Any structural preferences aside, I would thoroughly recommend this novel for horror fans. ...more
Wonderfully atmospheric book. The story is good, and doesn't even rely that much on actions or events to keep the characters in motion. In a way, it'sWonderfully atmospheric book. The story is good, and doesn't even rely that much on actions or events to keep the characters in motion. In a way, it's very much like real life... in that small occurrences and habits add up over time. I think that I may have enjoyed the writing moreso than the actual storyline, but that's not necessarily a bad thing. I definitely recommend if you're looking for a good ghost story. ...more
Loved this book. It's the kind of story that you hate to put down even though you're exhausted and need to sleep! A little bit of history, a little biLoved this book. It's the kind of story that you hate to put down even though you're exhausted and need to sleep! A little bit of history, a little bit of romance, a little bit supernatural, the parts add up to a wonderful world that you end up wishing that you could personally escape to. The author even managed to surprise me once or twice, when I thought that she would only explore the tender side of passion, and nothing more complicated. ...more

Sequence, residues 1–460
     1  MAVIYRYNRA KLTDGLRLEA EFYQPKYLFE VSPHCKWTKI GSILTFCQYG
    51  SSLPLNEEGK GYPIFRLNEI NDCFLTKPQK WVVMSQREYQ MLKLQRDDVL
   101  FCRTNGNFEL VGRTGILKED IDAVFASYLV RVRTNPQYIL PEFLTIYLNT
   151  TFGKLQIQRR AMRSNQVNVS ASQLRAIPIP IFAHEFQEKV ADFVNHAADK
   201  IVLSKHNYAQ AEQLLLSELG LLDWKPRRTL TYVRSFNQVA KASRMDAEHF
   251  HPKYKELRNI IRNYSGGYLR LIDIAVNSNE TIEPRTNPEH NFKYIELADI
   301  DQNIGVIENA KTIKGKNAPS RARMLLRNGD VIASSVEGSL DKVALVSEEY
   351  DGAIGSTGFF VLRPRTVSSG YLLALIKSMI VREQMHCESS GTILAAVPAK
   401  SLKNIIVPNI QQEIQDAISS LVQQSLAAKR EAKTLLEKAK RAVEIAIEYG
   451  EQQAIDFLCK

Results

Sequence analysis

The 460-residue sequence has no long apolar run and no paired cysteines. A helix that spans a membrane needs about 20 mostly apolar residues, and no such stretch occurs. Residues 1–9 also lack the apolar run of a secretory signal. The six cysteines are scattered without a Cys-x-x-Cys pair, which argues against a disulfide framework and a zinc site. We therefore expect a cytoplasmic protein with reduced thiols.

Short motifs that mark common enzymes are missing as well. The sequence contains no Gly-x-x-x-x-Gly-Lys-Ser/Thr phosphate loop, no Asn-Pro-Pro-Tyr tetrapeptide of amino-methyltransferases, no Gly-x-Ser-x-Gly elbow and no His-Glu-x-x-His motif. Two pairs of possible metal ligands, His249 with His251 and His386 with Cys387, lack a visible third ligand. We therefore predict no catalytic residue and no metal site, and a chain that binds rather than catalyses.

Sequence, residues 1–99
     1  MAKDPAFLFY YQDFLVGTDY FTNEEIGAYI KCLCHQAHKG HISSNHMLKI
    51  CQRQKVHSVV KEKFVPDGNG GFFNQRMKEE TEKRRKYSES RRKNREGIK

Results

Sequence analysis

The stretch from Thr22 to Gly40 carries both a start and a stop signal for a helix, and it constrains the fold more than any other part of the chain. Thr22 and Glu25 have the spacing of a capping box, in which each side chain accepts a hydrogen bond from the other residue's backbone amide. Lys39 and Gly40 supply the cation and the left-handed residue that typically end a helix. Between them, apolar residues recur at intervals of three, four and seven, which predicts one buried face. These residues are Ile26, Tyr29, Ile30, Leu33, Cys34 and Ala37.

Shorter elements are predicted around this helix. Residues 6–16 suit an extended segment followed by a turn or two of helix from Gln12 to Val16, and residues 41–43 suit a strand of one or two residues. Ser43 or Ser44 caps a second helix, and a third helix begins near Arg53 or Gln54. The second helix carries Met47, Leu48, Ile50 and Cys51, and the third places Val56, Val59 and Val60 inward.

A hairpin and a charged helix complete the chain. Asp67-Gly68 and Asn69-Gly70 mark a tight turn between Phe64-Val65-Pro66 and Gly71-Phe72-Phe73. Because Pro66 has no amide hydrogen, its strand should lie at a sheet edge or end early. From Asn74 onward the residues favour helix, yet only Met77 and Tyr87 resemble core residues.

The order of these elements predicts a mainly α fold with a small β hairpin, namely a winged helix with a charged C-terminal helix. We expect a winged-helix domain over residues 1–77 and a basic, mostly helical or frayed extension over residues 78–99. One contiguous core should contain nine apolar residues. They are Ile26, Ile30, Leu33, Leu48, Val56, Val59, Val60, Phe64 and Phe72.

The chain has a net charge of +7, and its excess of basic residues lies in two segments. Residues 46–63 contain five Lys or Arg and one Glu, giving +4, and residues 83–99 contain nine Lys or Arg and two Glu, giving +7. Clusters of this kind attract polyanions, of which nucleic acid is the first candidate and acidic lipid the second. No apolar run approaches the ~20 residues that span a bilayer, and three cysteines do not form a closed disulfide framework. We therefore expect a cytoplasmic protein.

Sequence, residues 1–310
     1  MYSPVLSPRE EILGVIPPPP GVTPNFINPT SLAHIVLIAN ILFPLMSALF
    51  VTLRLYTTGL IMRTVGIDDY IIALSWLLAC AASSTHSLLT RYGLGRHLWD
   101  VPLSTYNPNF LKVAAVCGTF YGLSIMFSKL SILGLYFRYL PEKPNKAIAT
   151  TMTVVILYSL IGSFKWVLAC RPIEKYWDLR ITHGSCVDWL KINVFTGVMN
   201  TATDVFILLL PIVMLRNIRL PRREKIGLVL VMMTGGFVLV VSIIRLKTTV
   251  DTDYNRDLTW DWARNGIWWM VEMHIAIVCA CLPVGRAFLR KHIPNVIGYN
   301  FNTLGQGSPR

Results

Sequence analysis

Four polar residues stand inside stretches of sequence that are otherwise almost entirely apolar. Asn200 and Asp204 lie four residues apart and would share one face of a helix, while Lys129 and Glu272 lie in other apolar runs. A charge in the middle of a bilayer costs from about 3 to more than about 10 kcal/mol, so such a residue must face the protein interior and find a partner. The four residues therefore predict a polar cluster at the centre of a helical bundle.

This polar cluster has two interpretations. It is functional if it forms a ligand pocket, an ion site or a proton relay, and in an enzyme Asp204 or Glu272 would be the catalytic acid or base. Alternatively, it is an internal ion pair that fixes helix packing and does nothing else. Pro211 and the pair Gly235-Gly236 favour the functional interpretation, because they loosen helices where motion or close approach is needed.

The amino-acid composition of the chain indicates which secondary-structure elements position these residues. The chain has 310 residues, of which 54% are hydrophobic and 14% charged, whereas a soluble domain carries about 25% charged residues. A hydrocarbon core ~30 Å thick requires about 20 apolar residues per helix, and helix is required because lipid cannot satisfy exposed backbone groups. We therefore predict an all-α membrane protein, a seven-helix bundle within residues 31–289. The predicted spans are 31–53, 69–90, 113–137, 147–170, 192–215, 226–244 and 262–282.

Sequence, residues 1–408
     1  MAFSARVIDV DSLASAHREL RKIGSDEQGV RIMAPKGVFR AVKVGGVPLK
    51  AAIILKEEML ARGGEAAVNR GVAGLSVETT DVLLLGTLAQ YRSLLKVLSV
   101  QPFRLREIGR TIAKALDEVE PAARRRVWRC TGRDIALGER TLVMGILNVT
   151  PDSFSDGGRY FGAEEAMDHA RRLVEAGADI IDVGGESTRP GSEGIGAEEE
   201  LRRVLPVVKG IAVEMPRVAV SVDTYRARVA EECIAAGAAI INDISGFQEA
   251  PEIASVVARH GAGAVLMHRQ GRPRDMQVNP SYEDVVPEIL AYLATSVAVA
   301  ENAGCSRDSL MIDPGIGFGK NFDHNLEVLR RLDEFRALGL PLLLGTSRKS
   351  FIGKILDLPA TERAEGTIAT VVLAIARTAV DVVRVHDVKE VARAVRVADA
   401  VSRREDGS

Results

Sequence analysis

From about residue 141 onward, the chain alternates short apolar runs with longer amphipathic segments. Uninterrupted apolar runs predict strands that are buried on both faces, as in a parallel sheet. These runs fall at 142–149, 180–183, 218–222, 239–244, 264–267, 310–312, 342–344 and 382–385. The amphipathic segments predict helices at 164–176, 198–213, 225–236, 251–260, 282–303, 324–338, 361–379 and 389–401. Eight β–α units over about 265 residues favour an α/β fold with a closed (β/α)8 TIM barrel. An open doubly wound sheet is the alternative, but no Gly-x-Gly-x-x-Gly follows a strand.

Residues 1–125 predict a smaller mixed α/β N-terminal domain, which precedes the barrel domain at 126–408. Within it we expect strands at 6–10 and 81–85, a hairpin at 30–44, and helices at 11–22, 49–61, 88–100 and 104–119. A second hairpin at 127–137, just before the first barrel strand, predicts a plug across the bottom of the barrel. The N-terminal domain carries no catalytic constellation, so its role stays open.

**spoiler alert** This is a must-read book for anyone who has ever lost a dog, or is fearing an imminent loss. After losing our own dog a few short we**spoiler alert** This is a must-read book for anyone who has ever lost a dog, or is fearing an imminent loss. After losing our own dog a few short weeks ago, I was devastated by the unexpected depth of my grief. There is something uniquely special about the relationship of a human to a dog, which this book does an excellent job of illustrating. Your dog becomes a part of you, a not-quite blank slate of affection and dependence that most often reflects your own heart back to you. The Art of Racing in the Rain is not a cheesy, heart-warming book about a dog. I didn't even find it to be just the story of a dog bearing witness to his human's life and struggles. I saw the Art of Racing in the Rain to be at heart, a challenge to one's innermost self, asking "What would you do when faced with a threat to your dignity and your family? Would you give up, or would you look ahead to the next curve in the road and deal with whatever lays ahead as it comes?"